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Why more Nigerians take to scrap metal business

A Lagos-based woman wanted to dispose her family’s disused power generating set and hoped to raise about N10,000 from the item. But when the prospective buyer…

A Lagos-based woman wanted to dispose her family’s disused power generating set and hoped to raise about N10,000 from the item. But when the prospective buyer first offered her N20,000, she knew there was money to be made from the sale, so she quickly raised the asking price. Both parties began a long bargaining process that ended at a mutually agreed price of N50,000.

Such condemned items, coming under the generic title of scrap metals, are now fast-moving commodities across Nigerian cities and villages. There are many buyers, but foot soldiers in a growing trade birthed or boosted by the rising phenomenon known as energy transition.

The evolution of electric vehicles is giving rise to the demand for a variety of metals that are used in batteries for these cars, which are responsible for up to 50 per cent of the entire vehicle cost.

A study released in June 2017 by the New York-based International Copper Association (ICA) foresaw a nearly tenfold global increase in demand for copper from the electric vehicle (EV) sector by 2027.

Scrap metal business is said to have continued to thrive in the last 50 years in this section in the Old Panteka market

 

Based on research conducted by a United Kingdom-based IDTechEx, the ICA stated, “By 2027, an estimated 27 million EVs will be on the road, up from three million in 2017. This will raise copper demand in EVs from 185,000 metric tons in 2017 to 1.74 million metric tons in 2027.” 

The research also stated that all types of EVs requird a substantial amount of copper. It is used in batteries, windings and copper rotors used in electric motors, wiring, bus-bars,and charging infrastructure, as the demand for electric vehicles is expected to rise.

Those you see pushing their carts and picking up every available disused metal, fan, electric iron, metal scrap, aluminum, vehicle parts, condemned generating sets, and refrigerators, among others, sell and make money from their trade.

The sight of these scavengers who roam the streets, refuse dumps, mechanic workshops, etc, is usually disgusting to some people as many look down on them because their work does not give them prestige in the society. They appear dirty while scavenging for marketable items, which they weigh before selling to make good money.

While they pick some of these items at no cost on the roads, dumpsites etc, they sometimes buy them at minimal amounts but resell them their bosses, who in turn sell directly to recycling companies. These companies melt them and form into different items like rods and pipes, among many other valuables.

Interaction with some of the scavengers shows that many of them, who are uneducated, are ignorant of the opportunities that abound in the industry. As such, they do not understand the reason for the rising demand for some substances like copper, lithium, aluminum, metal etc. Their bosses who deal directly with recycling companies make more money from this.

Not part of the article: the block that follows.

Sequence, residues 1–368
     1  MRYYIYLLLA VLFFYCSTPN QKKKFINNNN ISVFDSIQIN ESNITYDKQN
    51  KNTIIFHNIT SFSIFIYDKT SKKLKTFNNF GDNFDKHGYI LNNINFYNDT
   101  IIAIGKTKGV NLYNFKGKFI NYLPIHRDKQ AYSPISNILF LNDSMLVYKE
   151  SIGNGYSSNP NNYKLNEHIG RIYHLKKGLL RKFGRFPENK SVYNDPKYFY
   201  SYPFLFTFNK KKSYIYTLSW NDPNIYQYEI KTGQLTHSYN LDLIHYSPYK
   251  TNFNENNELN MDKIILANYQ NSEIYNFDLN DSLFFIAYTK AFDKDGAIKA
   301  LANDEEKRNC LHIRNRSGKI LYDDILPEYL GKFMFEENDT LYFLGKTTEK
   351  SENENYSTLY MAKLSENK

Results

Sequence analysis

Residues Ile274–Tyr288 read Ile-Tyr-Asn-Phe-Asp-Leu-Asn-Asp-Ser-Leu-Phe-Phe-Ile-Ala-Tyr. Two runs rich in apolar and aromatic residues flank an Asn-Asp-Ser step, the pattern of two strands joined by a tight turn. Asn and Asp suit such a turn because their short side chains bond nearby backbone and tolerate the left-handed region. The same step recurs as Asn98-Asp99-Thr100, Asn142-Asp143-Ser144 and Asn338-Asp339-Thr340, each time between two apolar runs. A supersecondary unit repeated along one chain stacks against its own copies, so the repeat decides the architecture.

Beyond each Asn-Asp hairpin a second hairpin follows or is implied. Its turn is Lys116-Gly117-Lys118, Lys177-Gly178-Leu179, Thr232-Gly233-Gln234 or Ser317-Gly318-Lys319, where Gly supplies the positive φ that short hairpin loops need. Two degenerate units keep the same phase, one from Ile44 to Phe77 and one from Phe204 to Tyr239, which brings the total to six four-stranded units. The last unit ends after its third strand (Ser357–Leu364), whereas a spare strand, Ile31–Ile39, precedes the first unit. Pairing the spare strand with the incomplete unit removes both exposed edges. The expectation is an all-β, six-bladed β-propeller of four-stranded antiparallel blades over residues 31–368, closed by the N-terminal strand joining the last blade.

Khalid Rabiu, an indigene of Kano State, has been surviving on scavenging business in Lagos for about five years now. He collects scrap metals from different areas and estates around Ikeja. He also has a few customers on Lagos Island, who sometimes call him to come to pick up items, which he buys and resells to get money.

He said although they were being looked down upon by members of the society, they make a lot of money from picking, buying and selling scraps. 

“I recently bought a knocked engine of a car from a customer at N40,000 but in the end, I got close to N20,000 profit because I was able to uncouple the engine and sold the parts separately,” he said.

He also confirmed that he has a boss who buys off the items from him in accordance with their weight.

“I don’t store my items because I do not plan to rent a space for that purchase. This is because the cost of renting a space is expensive in Lagos. So I sell them to my boss as I pick or buy them daily. 

“There are restrictions in some estates as some people hide under the guise of being scavengers to steal from homes. What we do in such cases is to put a call across to buyers who speak with security guards at the exit of such estates,” he explained.

Rabiu said he made between N7,000 to N10,000 profit on a daily basis and even more on exceptional days. 

He, however, said the scavenging work had become very competitive among many youths and old men who now live on the business.

Daily Trust Saturday learnt that because of opportunities in this business, more people are going into it. One of the recent entrants into the business is a 52-year-old Sule Ibrahim, who was into forex trading at Alaba. He decided to switch trade following the Central Bank of Nigeria’s directive that ended forex supplies to bureau de change operators.